Blood Pressure

Excerpts from the Book

Decreased Blood Pressure and Improved Cardiovascular Health

Deb Scott learned the  Transcendental Meditation technique in 2011 when she was the chief information officer at a medical facility in southern Arizona. A cyber security expert who spent over thirty years in the military or in a civilian status serving the military, Deb started the TM technique because she said, “the job was horrifically stressful” and affecting her health. Deb had digestive problems, high blood pressure and elevated cholesterol. She was also motivated to learn  meditation  because her instruction was free. Deb was able to learn the TM technique without charge as part of a “provider resiliency” program that made the technique available to “wounded warriors” and those providing them with healthcare. Before learning to meditate, Deb’s blood pressure was averaging around 150/90 and her LDL cholesterol (bad cholesterol) had climbed to about 230, which is well above normal—over 190 is considered very high. Like most people who practice the TM technique for a number of years, Deb experienced multiple benefits.

Deb told us that “from the time I started TM, I have not had an abnormal blood pressure reading.” Typically, she said her blood pressure is now in the low 120s and high 60s, and her cholesterol is in the 180s, which she said is the lowest it’s been since she was 25.

Deb actually found another job after learning to meditate, and while she said that the job “was also a very important job serving the military and was also very stressful,” she found that she was much better able to naturally cope with the stress of work. Through church groups Deb had previously done a visualization kind of meditation and one where she would repeat phrases usually from a poem or a prayer. She said she did those for many years whenever she was under stress. We asked her how the results compared to her TM practice, and Deb said, it was spiritually helpful, “but oh my goodness, it wasn’t anything like TM for the physiological help.”

Deb also had suffered from claustrophobia for many years, and recently had to have an MRI, which can be a problem for those with her condition because the procedure involves being put inside a long full body tube. Deb said:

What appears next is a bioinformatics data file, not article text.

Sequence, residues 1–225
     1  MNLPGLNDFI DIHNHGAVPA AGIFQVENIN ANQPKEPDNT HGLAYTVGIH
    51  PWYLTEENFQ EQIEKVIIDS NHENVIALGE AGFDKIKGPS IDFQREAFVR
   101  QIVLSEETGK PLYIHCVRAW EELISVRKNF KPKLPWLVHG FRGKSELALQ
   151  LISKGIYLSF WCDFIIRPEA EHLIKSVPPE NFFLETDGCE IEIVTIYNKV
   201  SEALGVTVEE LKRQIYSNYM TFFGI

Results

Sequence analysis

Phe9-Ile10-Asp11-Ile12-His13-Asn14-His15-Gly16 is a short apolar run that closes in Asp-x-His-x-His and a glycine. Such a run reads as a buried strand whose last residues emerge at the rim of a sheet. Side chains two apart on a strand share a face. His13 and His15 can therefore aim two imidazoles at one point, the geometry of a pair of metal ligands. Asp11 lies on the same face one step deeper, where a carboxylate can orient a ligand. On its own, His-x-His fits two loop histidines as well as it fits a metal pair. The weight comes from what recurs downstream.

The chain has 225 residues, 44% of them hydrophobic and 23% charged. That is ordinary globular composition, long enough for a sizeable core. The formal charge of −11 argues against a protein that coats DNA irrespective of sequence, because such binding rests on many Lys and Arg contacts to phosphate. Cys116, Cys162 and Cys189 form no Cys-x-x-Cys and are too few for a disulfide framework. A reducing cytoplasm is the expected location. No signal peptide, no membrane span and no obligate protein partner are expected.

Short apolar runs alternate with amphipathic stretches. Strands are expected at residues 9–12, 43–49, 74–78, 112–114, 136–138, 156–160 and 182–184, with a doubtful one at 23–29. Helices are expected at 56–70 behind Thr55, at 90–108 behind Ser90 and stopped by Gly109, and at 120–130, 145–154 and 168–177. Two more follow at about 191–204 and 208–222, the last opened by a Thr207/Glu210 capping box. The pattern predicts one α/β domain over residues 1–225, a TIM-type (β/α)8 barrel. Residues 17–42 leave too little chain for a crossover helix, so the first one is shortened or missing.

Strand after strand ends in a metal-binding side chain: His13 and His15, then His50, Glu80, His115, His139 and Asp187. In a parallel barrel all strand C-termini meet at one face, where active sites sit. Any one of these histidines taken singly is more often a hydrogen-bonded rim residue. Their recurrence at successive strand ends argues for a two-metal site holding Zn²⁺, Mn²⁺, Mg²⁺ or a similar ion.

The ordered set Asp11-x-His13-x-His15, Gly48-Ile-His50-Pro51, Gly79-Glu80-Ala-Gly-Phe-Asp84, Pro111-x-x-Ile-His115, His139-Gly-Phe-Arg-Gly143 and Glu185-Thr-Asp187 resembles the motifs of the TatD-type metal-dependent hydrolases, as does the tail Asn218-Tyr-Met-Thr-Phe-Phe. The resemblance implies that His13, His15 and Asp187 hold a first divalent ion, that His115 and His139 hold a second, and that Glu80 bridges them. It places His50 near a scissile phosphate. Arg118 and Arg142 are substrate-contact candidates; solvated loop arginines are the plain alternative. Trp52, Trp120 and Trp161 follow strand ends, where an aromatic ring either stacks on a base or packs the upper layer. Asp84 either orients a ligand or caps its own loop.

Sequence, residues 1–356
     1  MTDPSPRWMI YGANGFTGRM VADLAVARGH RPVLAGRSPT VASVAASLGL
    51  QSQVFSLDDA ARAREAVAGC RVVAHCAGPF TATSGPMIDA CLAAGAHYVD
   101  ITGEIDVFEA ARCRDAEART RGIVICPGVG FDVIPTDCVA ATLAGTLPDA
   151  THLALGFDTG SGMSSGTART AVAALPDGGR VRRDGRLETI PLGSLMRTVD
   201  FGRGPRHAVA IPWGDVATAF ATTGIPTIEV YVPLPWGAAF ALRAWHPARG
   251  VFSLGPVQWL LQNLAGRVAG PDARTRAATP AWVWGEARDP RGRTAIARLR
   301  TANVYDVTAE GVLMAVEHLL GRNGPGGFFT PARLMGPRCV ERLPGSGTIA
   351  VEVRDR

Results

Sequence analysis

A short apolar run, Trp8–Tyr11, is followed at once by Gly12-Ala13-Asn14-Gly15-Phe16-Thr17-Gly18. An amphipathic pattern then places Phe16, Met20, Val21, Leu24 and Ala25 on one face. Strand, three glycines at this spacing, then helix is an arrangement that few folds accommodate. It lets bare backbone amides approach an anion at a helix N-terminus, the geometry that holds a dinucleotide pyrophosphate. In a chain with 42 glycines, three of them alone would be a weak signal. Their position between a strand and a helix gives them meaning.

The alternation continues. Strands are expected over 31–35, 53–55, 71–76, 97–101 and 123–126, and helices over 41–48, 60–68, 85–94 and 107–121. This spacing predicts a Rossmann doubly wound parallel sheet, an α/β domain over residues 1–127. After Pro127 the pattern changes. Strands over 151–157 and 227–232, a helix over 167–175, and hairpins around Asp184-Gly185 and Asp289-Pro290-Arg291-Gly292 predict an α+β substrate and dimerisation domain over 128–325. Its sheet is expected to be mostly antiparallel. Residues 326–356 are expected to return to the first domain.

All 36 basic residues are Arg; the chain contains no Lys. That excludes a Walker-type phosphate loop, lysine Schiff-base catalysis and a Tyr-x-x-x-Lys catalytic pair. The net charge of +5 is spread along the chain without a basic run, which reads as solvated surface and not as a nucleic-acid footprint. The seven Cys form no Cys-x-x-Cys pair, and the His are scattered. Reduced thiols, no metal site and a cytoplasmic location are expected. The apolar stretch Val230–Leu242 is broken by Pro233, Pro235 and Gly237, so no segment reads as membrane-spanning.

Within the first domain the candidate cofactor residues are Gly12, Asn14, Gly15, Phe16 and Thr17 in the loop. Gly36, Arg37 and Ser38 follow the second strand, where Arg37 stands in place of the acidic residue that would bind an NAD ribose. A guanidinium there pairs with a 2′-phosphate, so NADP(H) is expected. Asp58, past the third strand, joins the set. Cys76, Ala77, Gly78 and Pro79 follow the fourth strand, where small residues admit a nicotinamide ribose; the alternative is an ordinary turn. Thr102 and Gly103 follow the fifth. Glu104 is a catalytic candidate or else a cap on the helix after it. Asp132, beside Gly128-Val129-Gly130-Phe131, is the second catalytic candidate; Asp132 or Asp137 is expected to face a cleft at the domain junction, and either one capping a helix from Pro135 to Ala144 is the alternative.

As soon as they started I  panicked,  and they had to stop. Then the nurse asked if there was anything she could do because otherwise they were going to have to cancel the MRI. I told her I could  meditate for a few minutes. Then hey put the tube over my head and I meditated the entire 55 minutes I was in there. For me it was amazing.

In a follow-up just before the book was published, Deb told us, “TM is still the best gift I have ever given myself.”

Note that Deb’s experience of reduced blood pressure and cholesterol levels is better than the typical experience. Individual results will vary, but often there will be significant reductions in both blood pressure and cholesterol levels.

Deb with husband and grandchildren

Deb with husband and grandchildren

A study published in 1995 in the journal Hypertension/5 looked at the effects of TM in a study involving 127 African Americans living in an urban setting with an average age of 67 years. The subjects were randomly assigned to one of two experimental groups, a TM or a Progressive Muscle Relaxation (PMR) group, or to a third “usual-care” control group. The usual-care control subjects received instructions for weight loss, salt restriction, alcohol moderation, and exercise. The average blood pressure of the TM group prior to the study was 145 mm Hg systolic and 94 mm Hg diastolic. After just three months, the TM group reduced their blood pressure an average of 10.7 mm Hg systolic and 6.4 mm Hg diastolic, which was a significantly greater reduction in both systolic and diastolic blood pressure compared to the PMR group and the control group.

Another paper analyzed 17 studies involving over 900 participants and compared the TM results with other stress reduction programs for treating high blood pressure./6 That study used the “meta-analysis” tool described in the prior chapter to evaluate the different studies. This method is considered reliable since it takes into account the number of subjects in a study, and codes for the strength of the research design (e.g., in the best designed studies subjects are randomly assigned to the different study groups), and other factors and comes up with a quantitative index called an “effect size.” The results showed that compared to other stress reduction programs, TM significantly reduced both systolic and diastolic blood pressure while none of the other treatments, including simple biofeedback, progressive muscle relaxation, and stress management training, showed any significant results.

A study on cholesterol is Cooper M. J. and Aygen M. M., “Effect of Transcendental Meditation on serum cholesterol and blood pressure,” Harefuah, Journal of the Israel Medical Association 95(1): 1-2, 1978

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